‘News Of The World’

Everyone has PTSD in this Tom Hanks Western about Reconstruction in Texas

I saw the News of the World movie. This is a Western starring Tom Hanks, and directed by Paul Greengrass, who also directed Hanks in Captain Phillips. In News of the World, Hanks also plays a captain, only this time his name is Captain Kidd and he’s a traumatized Confederate veteran of the Civil War. The time is 1870, the place is Texas, and everyone has PTSD. Captain Kidd goes around from town to town, reading the news to the busy and illiterate citizens of Texas. Sometimes he sighs and looks at his old face in the mirror. This is a fine but sad film about tough reckonings in difficult historical times.

NEWS OF THE WORLD ★★★★(4/5 stars)
Directed by: Paul Greengrass
Written by: Paul Greengrass, Luke Davies
Starring:  Tom Hanks, Helena Zengel
Running time: 118 min

The movie begins its plot when Hanks, while driving his news wagon, runs across Johanna, an orphan girl. Johanna has been through some shit. The Kiowa slaughtered her German immigrant farmer family and adopted her. Then soldiers slaughtered her Kiowa family. Then racists slaughtered the free Black man tasked with transporting her to safety. Luckily, she runs across Tom Hanks, who no one ever slaughters, and the two of them have a Western adventure while he tries to take her to her boring farmer aunt and uncle.

News of the World is a modern revisionist Western. It doesn’t have the stylistic trickery or flair of Django Unchained, the most entertaining modern Western. And it also lacks the arched eyebrows of the Coen Brothers’ recent Westerns like The Ballad of Buster Scruggs or their remake of True Grit, whose plot News of the World’s somewhat resembles. While I would take Django or Buster Scruggs over News of the World any time, News of the World doesn’t really aspire to those kinds of stylistic heights. Instead of taking its cues from postmodern irony, its casts its gaze back longingly at the classic Westerns of John Ford, or to films like Shane.

But even though those films were morally complex, Greengrass out-morally complexes them in News of the World, to the point of muddling his film’s themes. His Texas is occupied territory, in the midst of Reconstruction. Phalanxes of Union soldiers march about, giving orders to Texas citizens who don’t like it. Some things never change. Newly freed blacks walk about, unwanted, casting wary eyes. And, most of all, the white man is occupying Kiowa country. The Native Americans move through the landscape like vanishing ghosts, obscured by rain and dust.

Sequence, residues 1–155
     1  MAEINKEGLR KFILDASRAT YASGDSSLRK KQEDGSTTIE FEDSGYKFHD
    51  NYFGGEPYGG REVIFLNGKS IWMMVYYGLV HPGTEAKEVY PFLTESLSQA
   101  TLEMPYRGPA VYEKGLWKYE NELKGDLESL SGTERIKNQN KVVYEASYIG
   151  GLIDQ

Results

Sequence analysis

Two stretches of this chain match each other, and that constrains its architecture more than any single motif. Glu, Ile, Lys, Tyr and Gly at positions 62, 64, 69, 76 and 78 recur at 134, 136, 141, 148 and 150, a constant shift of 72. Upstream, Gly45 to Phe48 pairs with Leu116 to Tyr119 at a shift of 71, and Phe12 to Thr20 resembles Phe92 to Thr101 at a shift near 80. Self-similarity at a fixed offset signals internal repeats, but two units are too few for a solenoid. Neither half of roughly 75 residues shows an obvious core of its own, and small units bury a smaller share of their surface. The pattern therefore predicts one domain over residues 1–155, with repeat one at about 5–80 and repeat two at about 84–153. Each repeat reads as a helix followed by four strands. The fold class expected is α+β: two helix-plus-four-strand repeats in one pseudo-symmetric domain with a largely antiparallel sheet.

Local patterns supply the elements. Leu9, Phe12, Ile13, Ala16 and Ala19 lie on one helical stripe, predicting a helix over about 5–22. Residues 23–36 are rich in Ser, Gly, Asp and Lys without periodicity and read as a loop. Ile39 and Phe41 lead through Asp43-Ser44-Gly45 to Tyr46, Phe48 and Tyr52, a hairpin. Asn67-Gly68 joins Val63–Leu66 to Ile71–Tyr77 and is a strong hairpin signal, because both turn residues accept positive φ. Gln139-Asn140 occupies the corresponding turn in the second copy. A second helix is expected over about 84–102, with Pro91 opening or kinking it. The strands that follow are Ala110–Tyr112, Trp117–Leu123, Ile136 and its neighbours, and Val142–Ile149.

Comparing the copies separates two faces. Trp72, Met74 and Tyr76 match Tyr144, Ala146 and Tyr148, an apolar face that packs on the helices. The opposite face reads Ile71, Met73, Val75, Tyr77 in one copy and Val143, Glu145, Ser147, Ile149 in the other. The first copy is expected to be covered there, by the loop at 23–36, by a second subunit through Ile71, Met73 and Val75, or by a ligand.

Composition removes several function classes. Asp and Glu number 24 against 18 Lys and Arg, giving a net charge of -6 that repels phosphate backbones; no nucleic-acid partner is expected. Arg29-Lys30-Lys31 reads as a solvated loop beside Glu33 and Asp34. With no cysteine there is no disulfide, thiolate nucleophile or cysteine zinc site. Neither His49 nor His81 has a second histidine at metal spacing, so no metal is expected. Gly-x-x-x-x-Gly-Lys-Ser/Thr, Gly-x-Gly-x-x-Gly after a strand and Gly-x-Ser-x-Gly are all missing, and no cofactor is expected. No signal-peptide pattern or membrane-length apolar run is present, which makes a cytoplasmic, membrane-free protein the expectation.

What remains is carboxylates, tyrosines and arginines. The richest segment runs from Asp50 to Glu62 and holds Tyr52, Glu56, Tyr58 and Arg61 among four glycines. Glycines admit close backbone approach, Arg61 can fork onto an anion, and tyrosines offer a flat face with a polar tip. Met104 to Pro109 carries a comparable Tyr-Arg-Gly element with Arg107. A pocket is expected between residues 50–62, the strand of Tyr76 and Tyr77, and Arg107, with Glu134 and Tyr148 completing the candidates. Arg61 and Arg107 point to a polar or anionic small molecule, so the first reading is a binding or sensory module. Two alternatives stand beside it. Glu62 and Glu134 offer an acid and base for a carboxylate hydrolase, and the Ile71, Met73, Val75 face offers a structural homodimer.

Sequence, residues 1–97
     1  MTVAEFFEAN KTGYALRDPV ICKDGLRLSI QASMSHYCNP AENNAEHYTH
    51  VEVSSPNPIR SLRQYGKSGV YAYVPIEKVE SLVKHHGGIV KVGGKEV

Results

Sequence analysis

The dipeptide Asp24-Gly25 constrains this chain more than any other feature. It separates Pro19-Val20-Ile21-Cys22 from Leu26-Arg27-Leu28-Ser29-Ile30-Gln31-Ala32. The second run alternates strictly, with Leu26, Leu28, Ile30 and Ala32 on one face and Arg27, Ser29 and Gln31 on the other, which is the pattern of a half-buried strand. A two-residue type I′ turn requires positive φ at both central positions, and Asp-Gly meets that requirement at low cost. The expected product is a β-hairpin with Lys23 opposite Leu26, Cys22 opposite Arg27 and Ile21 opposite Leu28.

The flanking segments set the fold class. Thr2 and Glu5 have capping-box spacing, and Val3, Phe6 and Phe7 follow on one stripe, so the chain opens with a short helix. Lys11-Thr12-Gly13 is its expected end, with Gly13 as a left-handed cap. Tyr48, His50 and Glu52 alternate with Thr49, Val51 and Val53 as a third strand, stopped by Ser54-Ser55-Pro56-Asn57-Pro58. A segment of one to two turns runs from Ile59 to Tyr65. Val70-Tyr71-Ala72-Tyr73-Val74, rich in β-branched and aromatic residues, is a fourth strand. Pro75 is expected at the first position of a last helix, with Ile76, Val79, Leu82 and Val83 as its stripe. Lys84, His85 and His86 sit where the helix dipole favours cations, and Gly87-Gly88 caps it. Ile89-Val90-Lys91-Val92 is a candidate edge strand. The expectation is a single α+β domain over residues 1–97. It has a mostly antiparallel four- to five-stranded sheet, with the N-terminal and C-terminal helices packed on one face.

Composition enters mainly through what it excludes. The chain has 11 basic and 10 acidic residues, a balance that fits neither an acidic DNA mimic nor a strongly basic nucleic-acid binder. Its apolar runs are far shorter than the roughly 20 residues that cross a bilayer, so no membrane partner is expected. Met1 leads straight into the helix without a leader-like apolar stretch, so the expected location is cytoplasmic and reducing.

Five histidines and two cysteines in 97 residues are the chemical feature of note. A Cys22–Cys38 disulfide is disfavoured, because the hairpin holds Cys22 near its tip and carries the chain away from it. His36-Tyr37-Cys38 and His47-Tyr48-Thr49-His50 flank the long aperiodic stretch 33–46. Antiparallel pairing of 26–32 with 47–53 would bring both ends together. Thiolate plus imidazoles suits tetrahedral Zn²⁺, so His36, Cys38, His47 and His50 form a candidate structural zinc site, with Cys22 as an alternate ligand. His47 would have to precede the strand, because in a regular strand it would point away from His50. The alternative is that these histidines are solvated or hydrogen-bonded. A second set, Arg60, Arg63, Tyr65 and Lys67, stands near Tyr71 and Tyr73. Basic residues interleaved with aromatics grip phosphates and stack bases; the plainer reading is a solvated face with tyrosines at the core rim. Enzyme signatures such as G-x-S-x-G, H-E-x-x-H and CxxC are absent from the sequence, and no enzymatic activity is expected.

The trauma of the war is everywhere. People are scarred, desperate, and searching for meaning. Johanna is the movie’s orphan, but history has orphaned everyone. Still, in the midst of the movie’s Deep Meaning, and somewhat boring getting-to-know-you wagon rides, there are plenty of action sequences and exciting set pieces. Bounty hunters stalk Captain Kidd and Johanna among the boulders for 20 minutes. A visit to a buffalo-hunter county drips with menace and evil. There’s a big dust storm and a runaway wagon sequence.

Greengrass, last seen recreating the horrors of a Norwegian terror attack for a Netflix film, backs it all up with gorgeous and varied Texas landscapes that rate among the most beautiful ever filmed. They should include this film in the six mandatory Texas history classes that the state will require all Texas students to take if there’s ever school again. Texas never looked so good, apparently because Greengrass filmed the movie in New Mexico.  It would have been nice if Johanna and the Captain stopped off at a Buc-ee’s along the way.

The German 12-year-old actress Helena Zengel is quite good as Johanna, the most spunky and befreckled preteen girl on screen since the golden days of Jodie Foster and Tatum O’Neal. And, of course,  you can’t discount the Tom Hanks factor. News of the World features a vintage Hanks performance, full of soulful gazing, meaningful speeches, and funny anecdotes. Hanks can handle the action scenes as well. He doesn’t play a tough-guy superhuman, but he’s nimble and intelligent and makes all the right decisions at the right times.

It’s hard to imagine this movie without Tom Hanks. Then again, it’s hard to imagine any movie without Tom Hanks. He should read us the news every day. It would sound a lot better than when Lester Holt does it, or Amazon’s Alexa.

News of the World is currently only in theaters so it can get its inevitable eight Oscar nominations, but will be available for streaming soon.

This concludes my review of the News of the World movie.

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Neal Pollack

Book and Film Globe Editor in Chief Neal Pollack is the author of 12 semi-bestselling books of fiction and nonfiction, including the memoirs Alternadad and Stretch, the novels Repeat and Downward-Facing Death, and the cult classic The Neal Pollack Anthology of American Literature. A Rotten Tomatoes certified reviewer for both film and television, Neal has written articles and humor for every English-language publication except The New Yorker. Neal lives in Austin, Texas, and is a three-time Jeopardy! champion.

4 thoughts on “‘News Of The World’

  • December 28, 2020 at 2:06 pm

    Thank you for this review, really pity that theatres are closed. Tom Hanks? Okay, I like a few of his characters. Helena? She is awesome and I hope her talent will grow up. Did you saw „Systemsprenger“? https://youtu.be/ApR13iZ6v9s

  • January 25, 2021 at 1:22 pm

    Not to mention plenty of Texas bashing in the film.

    • January 25, 2021 at 1:24 pm

      There was SOME Texas bashing but it also depicted Texas people as hardworking and self-reliant.


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